What is garden leave?
The practice of requiring an employee leaving a job, having resigned or having been given notice, to stay away from work during part or all of the notice period while still remaining entitled to pay and benefits in the usual way.
Why is garden leave used?
The practice is often used to prevent employees from gaining access to the latest commercially valuable information or important customers and employees, especially when they are leaving to join a competitor.
How can garden leave be imposed?
Imposing garden leave generally requires an express right in the contract of employment. The main ingredients of a valid garden leave clause are that (1) the employer has no obligation to provide work, (2) the right to exclude an employee from work, (3) the right to prevent contact with customers, (4) the right to prevent the employee from doing other work and (5) an indication of how an employee will be compensated for any loss of bonus or commission. The employer must also take care not to commit any serious breach of contract during the period of garden leave that would entitle the employee to resign.
What if there is no garden leave clause in the contract?
There is no general right to place an employee on garden leave. In the absence of agreement, an employer must show that that there is a right not to provide work to an employee. This will require consideration of the terms of the contract of employment. Other factors such as commission arrangements, the nature of an employee’s job and the need to exercise skills may also become relevant.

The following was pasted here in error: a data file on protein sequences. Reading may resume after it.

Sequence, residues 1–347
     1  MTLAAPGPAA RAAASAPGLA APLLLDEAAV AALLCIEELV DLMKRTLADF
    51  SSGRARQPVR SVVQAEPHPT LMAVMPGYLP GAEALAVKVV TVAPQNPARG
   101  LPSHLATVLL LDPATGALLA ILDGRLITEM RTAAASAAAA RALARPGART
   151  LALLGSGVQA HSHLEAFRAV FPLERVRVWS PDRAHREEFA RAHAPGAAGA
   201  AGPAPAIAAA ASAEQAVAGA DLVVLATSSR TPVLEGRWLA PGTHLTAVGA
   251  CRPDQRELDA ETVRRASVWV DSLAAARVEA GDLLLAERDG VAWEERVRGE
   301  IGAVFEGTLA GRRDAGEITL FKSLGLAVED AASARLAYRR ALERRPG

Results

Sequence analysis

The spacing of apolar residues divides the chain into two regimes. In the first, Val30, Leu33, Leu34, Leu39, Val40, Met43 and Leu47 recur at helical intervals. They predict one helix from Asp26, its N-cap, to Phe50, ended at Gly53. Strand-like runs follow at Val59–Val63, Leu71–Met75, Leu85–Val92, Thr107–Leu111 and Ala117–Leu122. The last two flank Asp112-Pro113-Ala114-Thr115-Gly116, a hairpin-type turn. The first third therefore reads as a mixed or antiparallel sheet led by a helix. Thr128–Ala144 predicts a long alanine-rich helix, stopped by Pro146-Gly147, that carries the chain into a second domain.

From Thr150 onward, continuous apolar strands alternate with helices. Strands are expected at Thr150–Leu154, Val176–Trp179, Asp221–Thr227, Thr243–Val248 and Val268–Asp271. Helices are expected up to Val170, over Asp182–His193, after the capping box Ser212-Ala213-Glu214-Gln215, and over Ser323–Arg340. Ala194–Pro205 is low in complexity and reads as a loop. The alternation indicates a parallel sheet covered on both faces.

How is garden leave enforced?
If there is a breach, or a substantial risk of a breach, of the garden leave provisions then an employer can apply to the Court for an interim injunction to enforce the provision. The Court is only likely to enforce a garden leave clause if an employee is joining a competitor, but will usually grant a remedy more readily than in the case of restrictive covenants since the employee has notice obligations and is paid for any period of inactivity during garden leave.
If an employee opposes the application then the Court may apply similar considerations as in restrictive covenant disputes, including the duration of the period of garden leave and the particular effect on the employee’s skills and remuneration. The Court can enforce a period of garden leave and thereafter an employee’s restrictive covenants, but will consider the combined effect of this before doing so.
What is the alternative to garden leave?
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An employer can remove an employee by electing to terminate an employee’s employment and pay in lieu of part or all of the employee’s notice. The absence of an express contractual right to do this however, this may amount to a breach of contract and invalidate any restrictive covenants. Alternatively, the employee may be placed on alternative duties for part or all of the notice period if there is an express right to do so in the contract of employment, or if the nature and duration of these duties is reasonable.